Osteosarcomas (OS) of the jaws are uncommon and represent 6-8% of all OS. [1],[2],[3] OS of the jaw most often presents in the third and fourth decades of life. [1],[2],[3],[4],[5],[6] The mean age of patients with OS of the jaw is about 33 years, which is 10-15 years older than the mean age for OS of long bones. [2],[3],[4],[7],[8],[9],[10] As is seen in extra-gnathic locations, a slight male predominance is noted. [1],[3],[7],[8],[11] The maxilla and mandible are involved, with about an equal frequency. [1],[2],[7] Mandibular OS arises more frequently in the posterior part. [1],[2],[7] Maxillary lesions are discovered more commonly in the posterior alveolar ridge and sinus floor or palate. [1] Swelling and pain are the most common signs and symptoms. [1],[3],[7],[9],[11] Loosening of teeth, paresthesia and nasal obstruction are also noted. [1],[3],[9]

The demographic characteristics, distribution and sub-types of OS vary in different countries, assessment of which may aid treatment. Information regarding gender, age, signs and symptoms may be useful in early diagnosis and management and prevent further damage to hard and soft tissues. We assessed files and specimens diagnosed with OS from 1996 to 2007 at four major referral centers to compare with the body of literature on the subject.


 » Materials and Methods Top


A 10-year retrospective study assessed data collected from 98 OS patients from 1996 to 2007. Information regarding age, distribution, gender, involvement site, prevalence, signs, symptoms and sub-types were documented from four major referral centers. Thirteen of these 98 lesions were jaw lesions (seven mandibular and six maxillary) and the youngest and oldest patients were 15 and 50 years-old, respectively. Eighty-five were non-gnathic cases, the youngest and oldest patients being 6 and 60 years old, respectively. The age distribution, gender, involved site, clinical findings, signs, symptoms, grade and sub-type of lesions were assessed. Hematoxylin-eosin, Picrosirius red, Ponceau trichrome, Masson trichrome and osteoid staining methods were used.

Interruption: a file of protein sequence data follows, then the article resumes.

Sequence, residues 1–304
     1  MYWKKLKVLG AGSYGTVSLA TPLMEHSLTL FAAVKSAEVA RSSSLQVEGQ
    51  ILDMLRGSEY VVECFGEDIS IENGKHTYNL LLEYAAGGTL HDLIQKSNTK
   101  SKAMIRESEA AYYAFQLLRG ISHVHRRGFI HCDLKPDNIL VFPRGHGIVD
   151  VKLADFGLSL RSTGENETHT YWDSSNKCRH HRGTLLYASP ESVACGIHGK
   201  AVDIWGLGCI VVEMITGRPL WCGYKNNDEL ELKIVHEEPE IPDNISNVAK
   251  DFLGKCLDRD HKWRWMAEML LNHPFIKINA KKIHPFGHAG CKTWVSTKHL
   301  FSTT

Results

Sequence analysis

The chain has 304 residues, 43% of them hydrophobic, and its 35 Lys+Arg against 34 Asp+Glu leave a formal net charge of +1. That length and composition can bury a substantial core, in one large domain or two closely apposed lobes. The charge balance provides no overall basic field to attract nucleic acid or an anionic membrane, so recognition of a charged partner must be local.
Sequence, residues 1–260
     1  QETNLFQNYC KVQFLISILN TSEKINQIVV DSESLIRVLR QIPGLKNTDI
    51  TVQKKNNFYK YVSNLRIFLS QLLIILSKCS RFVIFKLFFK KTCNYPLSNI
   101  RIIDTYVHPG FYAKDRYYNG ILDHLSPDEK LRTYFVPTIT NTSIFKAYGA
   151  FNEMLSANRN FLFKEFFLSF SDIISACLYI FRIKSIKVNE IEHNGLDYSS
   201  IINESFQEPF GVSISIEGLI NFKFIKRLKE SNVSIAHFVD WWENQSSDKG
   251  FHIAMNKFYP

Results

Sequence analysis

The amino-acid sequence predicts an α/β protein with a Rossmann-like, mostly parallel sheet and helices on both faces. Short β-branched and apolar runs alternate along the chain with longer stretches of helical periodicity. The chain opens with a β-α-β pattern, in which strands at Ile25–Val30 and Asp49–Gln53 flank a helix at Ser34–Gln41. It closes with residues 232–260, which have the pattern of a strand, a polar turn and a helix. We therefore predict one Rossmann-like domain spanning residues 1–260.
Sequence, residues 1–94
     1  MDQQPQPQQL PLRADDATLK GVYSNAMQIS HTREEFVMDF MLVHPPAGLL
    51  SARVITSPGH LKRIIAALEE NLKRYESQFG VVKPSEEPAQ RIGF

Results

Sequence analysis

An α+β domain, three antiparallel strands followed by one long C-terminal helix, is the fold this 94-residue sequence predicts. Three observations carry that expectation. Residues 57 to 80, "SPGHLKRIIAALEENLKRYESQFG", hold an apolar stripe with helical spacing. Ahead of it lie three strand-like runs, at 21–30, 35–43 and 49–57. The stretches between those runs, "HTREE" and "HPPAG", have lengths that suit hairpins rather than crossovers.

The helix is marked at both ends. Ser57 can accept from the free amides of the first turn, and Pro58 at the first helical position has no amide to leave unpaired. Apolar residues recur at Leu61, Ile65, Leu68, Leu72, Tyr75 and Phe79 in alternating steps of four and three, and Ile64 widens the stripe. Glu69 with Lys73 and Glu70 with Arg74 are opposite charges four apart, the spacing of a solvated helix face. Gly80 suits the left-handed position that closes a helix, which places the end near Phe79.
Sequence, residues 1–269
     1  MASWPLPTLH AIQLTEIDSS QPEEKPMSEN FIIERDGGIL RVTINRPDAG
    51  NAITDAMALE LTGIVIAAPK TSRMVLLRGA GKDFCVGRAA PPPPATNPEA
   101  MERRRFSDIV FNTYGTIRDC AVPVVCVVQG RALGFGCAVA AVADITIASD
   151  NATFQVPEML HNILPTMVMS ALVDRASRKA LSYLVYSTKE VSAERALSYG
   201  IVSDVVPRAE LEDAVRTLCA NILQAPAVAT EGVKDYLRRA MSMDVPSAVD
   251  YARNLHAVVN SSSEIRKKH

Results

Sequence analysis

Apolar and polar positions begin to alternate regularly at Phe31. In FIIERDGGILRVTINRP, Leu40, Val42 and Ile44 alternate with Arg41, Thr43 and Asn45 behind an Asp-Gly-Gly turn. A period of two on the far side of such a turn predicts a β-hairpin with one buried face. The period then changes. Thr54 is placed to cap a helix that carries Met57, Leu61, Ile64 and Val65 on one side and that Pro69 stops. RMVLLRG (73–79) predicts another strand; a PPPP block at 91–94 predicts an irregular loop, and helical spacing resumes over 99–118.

» Results Top


In our study, OS of the jaw was more prevalent between 20 and 30 years of age (avg. 27 years of age) while non-gnathic OS was more prevalent between the ages of 11 and 20 years (avg. 15 years of age). OS of the jaws comprised 13.3% of all OS of the body. The most frequent signs and symptoms accompanying gnathic OS were swelling and pain (69.2%), followed by loosening of the teeth (15.4%), widening of the periodontal ligament (15.4%), ulceration (7.7%) and metastases (15.4%). The common signs and symptoms of the non-gnathic cases were also swelling and pain followed later by weight loss, weakness, fever and anorexia. The most frequent sites of involvement in gnathic OS were the body of the mandible in the region of molar teeth and the posterior region of the maxilla involving the paranasal sinuses. The most frequent sites for non-gnathic cases were the distal femur and the proximal tibia areas. With regard to microscopic morphology of the jaw lesions, the distribution of histopathologic subtypes were osteoblastic (23.0%), fibroblastic (7.7%), telangiectatic (7.7%), small cell (7.7%) and mixed (53.8%). Cases that displayed more than one histopathologic sub-type microscopically were classified under the mixed sub-type. During the 10-year follow-up period, two patients with gnathic OS died.